Fitting the air filter in was a problem This engine and engine bay was not designed to have a couple of large air pipes and an air filter box installed on the passenger side. 

This is how it looked before I started work

5 minutes later I have decided that the heater is not as important as the engine and started dismantling the system. It turns out the fan didn't work after I dropped it onto he pavement so its all for the best.
10 minutes later. All cleared out of the way. I now have room for the snorkel to come through the wing, the air filter to be secured and for all the pipes needed. Only  Problem now is I have no heater.  

Oil filler and dipstick

The oil filler is situated on the front of the engine with a breather on the rocker cover.

This breather I intend to route to its own dedicated pipe into the air intake system this may need a one way valve on it. the filler on the front is a more difficult problem. while it still needs to act as a breather it will be vulnerable to water if the water is deep enough to come into the engine bay.

I am looking for a method of sealing the top and connecting it to the breather system. Anyone any thought send me an email to Enquiries@Negativeart.com

Axel and gear box breathers

These were a simple problem to fix. The Land Rover axel has a tapped hole in the top surface. This usually has a ball valve screwed in to it but I have never trusted these. I acquired from my local air power center some fittings an made up a system of pipes and connections eventually these will lead up the outside of the snorkel but not until its fitted that's a job for the future. These should make a closed system which will not allow water in unless I go in deep enough to get water over the roof. Better not do that then then.

And here's the parts ready to be assembled. The pictures show the route the pipe takes from the axels, joining together near the bulkhead and then extending up the roll cage. I have looped the pipe over to prevent rain or condensation on the cage getting into the pipe. It will also form an airlock if water gets up this far during wading but I will need scuba gear long before this happens..

The gear box does not have the tapped holes like the axels so I had to drill and tap the the plates on the top of the gear box and the transfer case. Then seal the old style breathers with silicone. This should make the transmission much more watertight but it will still find its way in somewhere.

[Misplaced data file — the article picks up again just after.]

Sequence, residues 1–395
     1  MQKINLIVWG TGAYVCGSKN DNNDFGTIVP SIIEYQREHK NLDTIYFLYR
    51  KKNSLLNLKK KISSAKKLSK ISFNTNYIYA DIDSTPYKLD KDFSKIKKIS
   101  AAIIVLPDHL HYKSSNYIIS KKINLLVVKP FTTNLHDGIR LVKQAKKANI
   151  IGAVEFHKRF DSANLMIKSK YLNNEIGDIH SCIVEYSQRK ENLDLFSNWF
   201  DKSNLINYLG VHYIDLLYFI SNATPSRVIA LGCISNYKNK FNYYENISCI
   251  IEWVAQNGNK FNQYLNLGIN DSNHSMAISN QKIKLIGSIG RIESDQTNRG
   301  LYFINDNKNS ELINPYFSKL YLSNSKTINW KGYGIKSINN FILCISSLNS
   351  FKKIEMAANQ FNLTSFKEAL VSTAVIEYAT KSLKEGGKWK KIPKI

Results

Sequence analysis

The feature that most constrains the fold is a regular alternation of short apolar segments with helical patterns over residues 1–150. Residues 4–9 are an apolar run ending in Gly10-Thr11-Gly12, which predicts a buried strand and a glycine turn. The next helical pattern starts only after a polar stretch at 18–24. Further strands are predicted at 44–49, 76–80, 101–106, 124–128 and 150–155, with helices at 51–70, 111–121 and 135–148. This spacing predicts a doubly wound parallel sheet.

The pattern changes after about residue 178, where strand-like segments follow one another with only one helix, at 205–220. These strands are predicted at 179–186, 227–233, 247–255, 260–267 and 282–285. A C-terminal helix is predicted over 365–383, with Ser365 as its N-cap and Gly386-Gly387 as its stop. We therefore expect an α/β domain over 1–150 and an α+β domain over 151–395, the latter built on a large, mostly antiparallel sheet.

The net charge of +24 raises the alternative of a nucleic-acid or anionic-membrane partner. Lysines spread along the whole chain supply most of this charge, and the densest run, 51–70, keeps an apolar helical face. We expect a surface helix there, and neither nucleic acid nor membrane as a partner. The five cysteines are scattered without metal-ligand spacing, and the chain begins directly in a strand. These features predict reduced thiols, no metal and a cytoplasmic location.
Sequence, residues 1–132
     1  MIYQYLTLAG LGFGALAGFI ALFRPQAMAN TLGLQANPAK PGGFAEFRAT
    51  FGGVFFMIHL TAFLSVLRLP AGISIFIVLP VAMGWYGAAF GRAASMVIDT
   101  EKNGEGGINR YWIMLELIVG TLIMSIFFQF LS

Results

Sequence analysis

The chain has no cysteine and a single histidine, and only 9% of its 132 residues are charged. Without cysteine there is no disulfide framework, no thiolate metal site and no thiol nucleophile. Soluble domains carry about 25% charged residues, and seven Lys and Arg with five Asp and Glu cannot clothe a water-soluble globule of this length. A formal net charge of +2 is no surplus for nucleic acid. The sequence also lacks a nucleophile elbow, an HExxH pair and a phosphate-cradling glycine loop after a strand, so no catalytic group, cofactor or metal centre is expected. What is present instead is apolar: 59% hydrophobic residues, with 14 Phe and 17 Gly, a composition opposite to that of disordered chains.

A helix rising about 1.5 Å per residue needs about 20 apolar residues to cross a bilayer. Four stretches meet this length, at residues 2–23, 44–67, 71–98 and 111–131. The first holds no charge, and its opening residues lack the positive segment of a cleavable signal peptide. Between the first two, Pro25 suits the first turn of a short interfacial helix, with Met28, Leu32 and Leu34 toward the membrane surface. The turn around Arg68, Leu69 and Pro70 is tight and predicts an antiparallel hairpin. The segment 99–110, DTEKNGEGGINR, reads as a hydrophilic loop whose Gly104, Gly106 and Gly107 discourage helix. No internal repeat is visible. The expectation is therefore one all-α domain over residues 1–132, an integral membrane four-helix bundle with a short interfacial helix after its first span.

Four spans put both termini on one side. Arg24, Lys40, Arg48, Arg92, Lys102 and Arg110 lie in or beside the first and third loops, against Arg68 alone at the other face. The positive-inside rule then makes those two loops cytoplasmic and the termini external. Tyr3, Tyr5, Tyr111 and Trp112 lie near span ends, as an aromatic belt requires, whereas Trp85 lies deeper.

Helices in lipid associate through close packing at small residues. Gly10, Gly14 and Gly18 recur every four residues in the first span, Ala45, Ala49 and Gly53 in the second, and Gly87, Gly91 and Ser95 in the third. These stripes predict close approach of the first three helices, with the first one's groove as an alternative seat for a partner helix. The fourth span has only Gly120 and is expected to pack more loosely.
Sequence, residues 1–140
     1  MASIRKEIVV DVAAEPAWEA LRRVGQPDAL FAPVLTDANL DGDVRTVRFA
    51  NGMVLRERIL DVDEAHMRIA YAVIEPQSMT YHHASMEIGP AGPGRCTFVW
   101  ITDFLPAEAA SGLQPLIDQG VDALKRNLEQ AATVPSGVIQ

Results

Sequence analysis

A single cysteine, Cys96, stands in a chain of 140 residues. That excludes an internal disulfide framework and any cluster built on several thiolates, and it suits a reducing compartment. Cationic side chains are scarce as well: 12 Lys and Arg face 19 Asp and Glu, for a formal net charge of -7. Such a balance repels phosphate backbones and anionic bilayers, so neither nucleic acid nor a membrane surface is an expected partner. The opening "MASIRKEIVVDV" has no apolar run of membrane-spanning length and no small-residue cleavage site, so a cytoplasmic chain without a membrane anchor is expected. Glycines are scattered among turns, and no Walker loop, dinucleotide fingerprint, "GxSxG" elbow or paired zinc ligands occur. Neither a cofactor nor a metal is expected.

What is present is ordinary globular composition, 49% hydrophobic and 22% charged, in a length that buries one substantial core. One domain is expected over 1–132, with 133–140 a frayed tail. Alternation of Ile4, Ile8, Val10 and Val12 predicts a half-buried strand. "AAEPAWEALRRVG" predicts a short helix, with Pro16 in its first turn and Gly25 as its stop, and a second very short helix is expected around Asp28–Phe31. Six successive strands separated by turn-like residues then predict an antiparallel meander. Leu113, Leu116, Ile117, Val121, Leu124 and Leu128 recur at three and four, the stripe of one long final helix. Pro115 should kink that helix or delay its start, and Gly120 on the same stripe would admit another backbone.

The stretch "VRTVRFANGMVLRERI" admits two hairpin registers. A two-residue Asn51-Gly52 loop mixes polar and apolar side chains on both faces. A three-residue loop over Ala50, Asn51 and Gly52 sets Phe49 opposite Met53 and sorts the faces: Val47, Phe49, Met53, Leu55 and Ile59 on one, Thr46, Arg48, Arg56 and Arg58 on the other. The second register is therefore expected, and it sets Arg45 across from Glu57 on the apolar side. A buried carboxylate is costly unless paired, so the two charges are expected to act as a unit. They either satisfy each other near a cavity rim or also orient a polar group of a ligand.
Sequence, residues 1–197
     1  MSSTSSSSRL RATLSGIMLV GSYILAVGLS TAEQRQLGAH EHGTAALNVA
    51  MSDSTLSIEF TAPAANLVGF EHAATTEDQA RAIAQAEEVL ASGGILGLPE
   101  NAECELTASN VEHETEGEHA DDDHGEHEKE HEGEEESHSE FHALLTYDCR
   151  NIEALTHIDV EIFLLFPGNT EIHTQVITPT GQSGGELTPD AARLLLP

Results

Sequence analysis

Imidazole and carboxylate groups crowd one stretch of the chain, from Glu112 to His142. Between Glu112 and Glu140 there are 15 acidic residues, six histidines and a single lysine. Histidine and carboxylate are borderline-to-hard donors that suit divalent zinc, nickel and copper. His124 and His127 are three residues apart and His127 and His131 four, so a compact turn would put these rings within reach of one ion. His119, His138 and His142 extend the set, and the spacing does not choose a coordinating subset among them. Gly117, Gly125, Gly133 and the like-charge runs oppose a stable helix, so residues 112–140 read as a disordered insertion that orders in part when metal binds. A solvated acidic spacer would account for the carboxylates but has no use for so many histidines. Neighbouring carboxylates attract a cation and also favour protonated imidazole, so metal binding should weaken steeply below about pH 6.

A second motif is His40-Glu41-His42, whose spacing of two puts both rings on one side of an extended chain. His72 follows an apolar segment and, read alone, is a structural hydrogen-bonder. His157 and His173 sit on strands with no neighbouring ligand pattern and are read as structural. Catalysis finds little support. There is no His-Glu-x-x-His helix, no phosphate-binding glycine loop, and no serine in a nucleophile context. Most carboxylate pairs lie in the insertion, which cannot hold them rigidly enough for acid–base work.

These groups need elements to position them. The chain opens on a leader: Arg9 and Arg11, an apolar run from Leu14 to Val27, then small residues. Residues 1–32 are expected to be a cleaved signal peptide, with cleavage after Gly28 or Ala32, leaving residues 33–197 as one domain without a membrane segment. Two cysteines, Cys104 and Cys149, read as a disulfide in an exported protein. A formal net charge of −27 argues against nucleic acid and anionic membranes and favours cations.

Batteries, alternator, starter motor.

If I get the battery wet I assume it will discharge, but you can't really seal them in as they give off hydrogen. So I have put the batteries under the passenger seat. This set up has been quite successful in beast and and it gives some more room under the bonnet. For more details click the pictures below. 

As for the alternators and starter motor. Well the landy starter is quite a well sealed item so I suspect a guard to deflect some of the muck will suffice. This is not perfect I know but once junior has been in the thick of battle a few times I will be better able to see if more extreme measures are required. 

The alternator has to be driven by a 'V' belt from the front pulley so again I think a guard will be all that is possible. Alternators can develop some considerable heat and so are open to atmosphere to aid cooling. Any cover or casing I install to prevent  the ingress of mud will require some form of additional cooling.

I am thinking of using a timing cover from a car. These are common in the scrap yard and if one can be found that will fit it will at least deflect some of the mud when the going gets tough. It should also reduce the amount of water being throw around by the fan belt.


Well after all the work it to make sure junior can swim it was good to have the chance to try a little wading. This pond was not all that deep, only 3 feet or so but it was enough to necessitate a snorkel and some waterproofing for the electrics.